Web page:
Monday, May 22, 2006

My two pennies' worth


Frank Miller invented Alfred.

I think it's fair to say I'm not Frank Miller's biggest fan. Far from it, in fact. But one must give the devil his due.

Alfred began unspectactularly as just another Fat Funny Friend. He was well-meaning bungler, a wanna detective, and an intruder on the Wayne household.

How things change! Alfred skinnied up and grew a mustache to resemble his first movie counterpart, retconned his name from the comic "Beagle" to the dignified "Pennyworth", stopped speaking in dialect, and acquired responsibility for upkeep of the Batcave. That evolution saved Alfred from the fate of other comic relief characters of Golden Age. At some point (help me out on this one), he was retconned in as the family butler when Bruce was a boy, becoming a surrogate parent after the Waynes died.

But Alfred was still, on the whole, a colorless faithful retainer type for decades.

Until...

The Dark Knight Returns by Frank Miller is credited with revitalizing, darkening, and solidifying the Batman. Pfah. What Miller really did was revitalize, darken, and soldify Alfred. In not too many scenes, Miller created the image of acerbic, painfully dry and understated retainer that is now Alfred. So right was Miller's characterization, so desperately needed to give Alfred the larger and deeper role readers have always wanted him to have. So successful was he in doing so, that not only did every writer afterwards follow his lead, but readers began to think that Alfred was always that way.

He wasn't.
Thank you, Frank Miller, for re-inventing Alfred as someone who could both "fight" Batman to a standstill and make Batman part of one of comics' greatest comedy duos.

8 comments:

Anonymous said...

Wasn't it Year One that made Alfred a Wayne family retainer, and a lifelong caretaker to Bruce? I think that's where Alfred the Combat Medic came from, as well. I was going to disagree with you about Miller's role in recreating Alfred until I remembered that. I can't remember which '30's screwball, madcap-heiress comedy duo they remind me of here, so instead, let me just say how much I regret that PG Wodehouse never favored us with a comic book. Given his love for literary trash, it seems like something he would have enjoyed.

Tom Bondurant said...

I also think Year One made Alfred Thomas Wayne's butler. The '80s Untold Legend Of The Batman miniseries has a scene with Robin helping a wounded Batman up the stairs from the cave, and calling Alfred for help. Thus, Alfred entered the picture after Robin (as in the Golden Age) and wasn't originally supposed to be in on the secret.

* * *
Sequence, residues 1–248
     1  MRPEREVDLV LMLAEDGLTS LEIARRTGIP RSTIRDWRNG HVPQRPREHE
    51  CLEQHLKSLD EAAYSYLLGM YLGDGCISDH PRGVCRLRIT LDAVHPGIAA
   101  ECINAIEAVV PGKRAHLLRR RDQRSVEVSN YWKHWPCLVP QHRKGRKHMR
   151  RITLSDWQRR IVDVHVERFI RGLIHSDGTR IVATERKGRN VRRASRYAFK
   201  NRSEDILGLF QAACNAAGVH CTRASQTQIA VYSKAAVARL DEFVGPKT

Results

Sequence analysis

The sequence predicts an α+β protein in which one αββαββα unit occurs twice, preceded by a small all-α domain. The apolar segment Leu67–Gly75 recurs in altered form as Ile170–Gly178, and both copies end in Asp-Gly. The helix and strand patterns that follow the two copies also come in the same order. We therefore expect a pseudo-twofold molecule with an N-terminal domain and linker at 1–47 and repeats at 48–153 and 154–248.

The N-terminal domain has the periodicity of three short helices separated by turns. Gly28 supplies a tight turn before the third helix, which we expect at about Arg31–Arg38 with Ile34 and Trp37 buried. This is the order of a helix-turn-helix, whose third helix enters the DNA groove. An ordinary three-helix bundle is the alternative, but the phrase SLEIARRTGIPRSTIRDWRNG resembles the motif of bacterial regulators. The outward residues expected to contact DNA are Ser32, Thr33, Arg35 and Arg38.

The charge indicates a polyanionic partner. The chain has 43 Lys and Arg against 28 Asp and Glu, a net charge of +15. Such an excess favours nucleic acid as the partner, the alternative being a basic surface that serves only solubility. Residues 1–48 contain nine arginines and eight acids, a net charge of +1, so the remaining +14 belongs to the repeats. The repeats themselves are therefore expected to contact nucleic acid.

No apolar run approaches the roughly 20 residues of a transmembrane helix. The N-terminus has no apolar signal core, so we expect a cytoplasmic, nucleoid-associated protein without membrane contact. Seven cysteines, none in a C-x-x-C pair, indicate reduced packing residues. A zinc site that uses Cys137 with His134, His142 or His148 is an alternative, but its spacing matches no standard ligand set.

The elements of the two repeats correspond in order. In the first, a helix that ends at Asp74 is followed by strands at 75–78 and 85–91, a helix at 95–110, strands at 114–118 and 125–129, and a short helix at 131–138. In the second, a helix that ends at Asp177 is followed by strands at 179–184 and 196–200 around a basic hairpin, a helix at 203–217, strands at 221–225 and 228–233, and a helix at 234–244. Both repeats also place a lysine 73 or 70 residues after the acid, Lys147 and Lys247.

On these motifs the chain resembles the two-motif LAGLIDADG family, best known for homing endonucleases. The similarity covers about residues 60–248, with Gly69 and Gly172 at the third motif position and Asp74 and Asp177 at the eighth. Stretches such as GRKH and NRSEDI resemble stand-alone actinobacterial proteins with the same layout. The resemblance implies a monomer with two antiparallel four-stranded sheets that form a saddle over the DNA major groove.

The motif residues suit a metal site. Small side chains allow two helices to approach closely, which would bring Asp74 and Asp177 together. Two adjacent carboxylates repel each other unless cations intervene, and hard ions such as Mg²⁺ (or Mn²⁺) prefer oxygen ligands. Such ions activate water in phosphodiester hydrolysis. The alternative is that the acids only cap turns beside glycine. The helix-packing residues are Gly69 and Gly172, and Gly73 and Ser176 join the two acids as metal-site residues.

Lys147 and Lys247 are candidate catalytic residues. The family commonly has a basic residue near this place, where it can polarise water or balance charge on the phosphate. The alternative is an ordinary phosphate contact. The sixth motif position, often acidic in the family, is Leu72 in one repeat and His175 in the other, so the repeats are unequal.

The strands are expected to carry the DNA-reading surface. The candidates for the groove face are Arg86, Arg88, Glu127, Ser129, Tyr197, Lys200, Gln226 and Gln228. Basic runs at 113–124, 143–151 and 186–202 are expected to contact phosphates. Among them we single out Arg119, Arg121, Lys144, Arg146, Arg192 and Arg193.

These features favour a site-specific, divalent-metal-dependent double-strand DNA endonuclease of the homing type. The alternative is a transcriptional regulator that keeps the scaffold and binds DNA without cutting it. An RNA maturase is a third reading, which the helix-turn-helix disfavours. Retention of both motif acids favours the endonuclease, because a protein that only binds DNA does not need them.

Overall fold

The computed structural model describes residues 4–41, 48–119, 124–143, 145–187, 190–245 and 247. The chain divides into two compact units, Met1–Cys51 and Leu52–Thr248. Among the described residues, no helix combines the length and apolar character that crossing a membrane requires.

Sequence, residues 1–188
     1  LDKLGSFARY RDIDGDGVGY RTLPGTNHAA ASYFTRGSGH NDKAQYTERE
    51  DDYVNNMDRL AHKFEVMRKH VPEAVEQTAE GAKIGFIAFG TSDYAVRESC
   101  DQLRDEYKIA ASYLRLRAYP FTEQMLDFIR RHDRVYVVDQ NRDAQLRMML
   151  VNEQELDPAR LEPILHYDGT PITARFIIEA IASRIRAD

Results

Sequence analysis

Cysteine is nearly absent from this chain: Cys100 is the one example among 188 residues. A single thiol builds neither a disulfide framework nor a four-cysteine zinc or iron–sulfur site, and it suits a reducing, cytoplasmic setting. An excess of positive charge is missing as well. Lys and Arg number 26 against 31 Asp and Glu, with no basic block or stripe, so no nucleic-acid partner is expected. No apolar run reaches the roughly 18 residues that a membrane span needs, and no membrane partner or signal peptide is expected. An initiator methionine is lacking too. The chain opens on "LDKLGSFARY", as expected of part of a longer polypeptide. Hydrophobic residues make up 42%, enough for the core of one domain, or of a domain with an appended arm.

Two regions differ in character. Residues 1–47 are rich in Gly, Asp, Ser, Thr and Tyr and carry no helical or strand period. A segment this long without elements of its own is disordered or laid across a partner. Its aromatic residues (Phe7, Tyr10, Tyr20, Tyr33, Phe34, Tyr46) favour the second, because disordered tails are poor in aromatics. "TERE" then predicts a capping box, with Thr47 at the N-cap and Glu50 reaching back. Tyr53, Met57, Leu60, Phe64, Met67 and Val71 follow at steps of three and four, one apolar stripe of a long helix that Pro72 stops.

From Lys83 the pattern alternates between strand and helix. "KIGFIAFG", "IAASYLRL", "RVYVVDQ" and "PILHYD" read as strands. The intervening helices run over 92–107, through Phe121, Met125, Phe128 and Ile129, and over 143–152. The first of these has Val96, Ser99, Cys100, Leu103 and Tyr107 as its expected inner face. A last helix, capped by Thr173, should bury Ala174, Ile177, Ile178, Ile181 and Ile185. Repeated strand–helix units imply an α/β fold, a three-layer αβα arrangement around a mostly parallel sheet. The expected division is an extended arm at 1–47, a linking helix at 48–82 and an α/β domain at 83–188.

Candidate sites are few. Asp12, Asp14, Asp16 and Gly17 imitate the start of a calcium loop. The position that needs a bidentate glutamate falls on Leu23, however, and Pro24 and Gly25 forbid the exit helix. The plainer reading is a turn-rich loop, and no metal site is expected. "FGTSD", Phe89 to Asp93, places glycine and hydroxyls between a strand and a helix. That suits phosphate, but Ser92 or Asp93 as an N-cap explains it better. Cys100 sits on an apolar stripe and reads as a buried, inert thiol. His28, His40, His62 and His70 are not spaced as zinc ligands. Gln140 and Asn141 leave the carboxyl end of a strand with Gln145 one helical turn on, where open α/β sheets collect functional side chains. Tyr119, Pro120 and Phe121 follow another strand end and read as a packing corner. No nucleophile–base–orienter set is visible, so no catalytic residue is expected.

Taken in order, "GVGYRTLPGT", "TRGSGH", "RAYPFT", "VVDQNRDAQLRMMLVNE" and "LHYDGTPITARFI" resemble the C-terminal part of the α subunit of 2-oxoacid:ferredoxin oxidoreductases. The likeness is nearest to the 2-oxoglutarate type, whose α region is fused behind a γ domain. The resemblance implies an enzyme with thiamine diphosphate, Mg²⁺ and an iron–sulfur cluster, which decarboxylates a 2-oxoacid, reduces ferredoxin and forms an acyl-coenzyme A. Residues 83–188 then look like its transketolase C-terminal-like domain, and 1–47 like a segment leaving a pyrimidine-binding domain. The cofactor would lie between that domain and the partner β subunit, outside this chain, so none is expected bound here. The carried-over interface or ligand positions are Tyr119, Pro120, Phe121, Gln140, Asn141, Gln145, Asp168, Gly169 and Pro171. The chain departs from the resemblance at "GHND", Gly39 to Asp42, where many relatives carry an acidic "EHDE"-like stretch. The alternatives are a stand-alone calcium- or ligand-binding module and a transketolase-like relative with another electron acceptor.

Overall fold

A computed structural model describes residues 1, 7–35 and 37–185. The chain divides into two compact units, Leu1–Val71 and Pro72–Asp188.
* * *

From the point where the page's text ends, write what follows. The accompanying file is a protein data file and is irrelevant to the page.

Chris said...

It's amazing that no one has ever taken the relaible British model of the underling who's smarter than his boss and applied it to the superhero genre -- unless you cound Chaykin's Power and Glory, and that's still only one out of how many years of superhero comics?

Ron said...

Here's the second: The Tick.

Anonymous said...

>>It's amazing that no one has ever taken the relaible British model of the underling who's smarter than his boss and applied it to the superhero genre

In a lot of comics, IMO, you do see the clever trickster servant and thick-headed boss, but the kind of clever thing they do, is they make the boss the minor character and the superhero the servant: J. Jonah Jameson is the all time champ, but Carol Ferris was one for a long time. Perry White is never portrayed as a dummy, but you get that sort of Punchinello/B'rer Rabbit vibe when he asks Clark why he's never around when Superman is on the scene, and Clark says "Sorry, Perry, guess I'm just a screw-up!" then breaks the fourth wall and winks at the audience. But I agree, that's not really a duo thing. Maybe Ronnie Raymond and Martin Stein?? Booster Gold and Skeets, now???

Anonymous said...

How can you ignore the groundbreaking work of Alan Napier?!?

Steven said...

Nothing against Alan Napier, but was he ever snarky to Master Bruce or Master Dick? Ever crack wise about the sanity of fighting crimes in tights? Or cuff Batman about the ears for being an ass-hat?

No. I'd say, following Miller's lead, today's Alfred owes more to Efrem Zimbalist, Jr.

He pretty much perfected the voice that allows you to get away with calling the World's Greatest Detective, the Ultimate Fighting Machine, and Scariest Mother*$*er Alive (1939-present), a complete and total moron, and get away with it.

Simon Jones said...

Bruce has probably had Alfred being pithy at him his entire life.

Every single thing he does ends in dry british wit.

No wonder he has issues.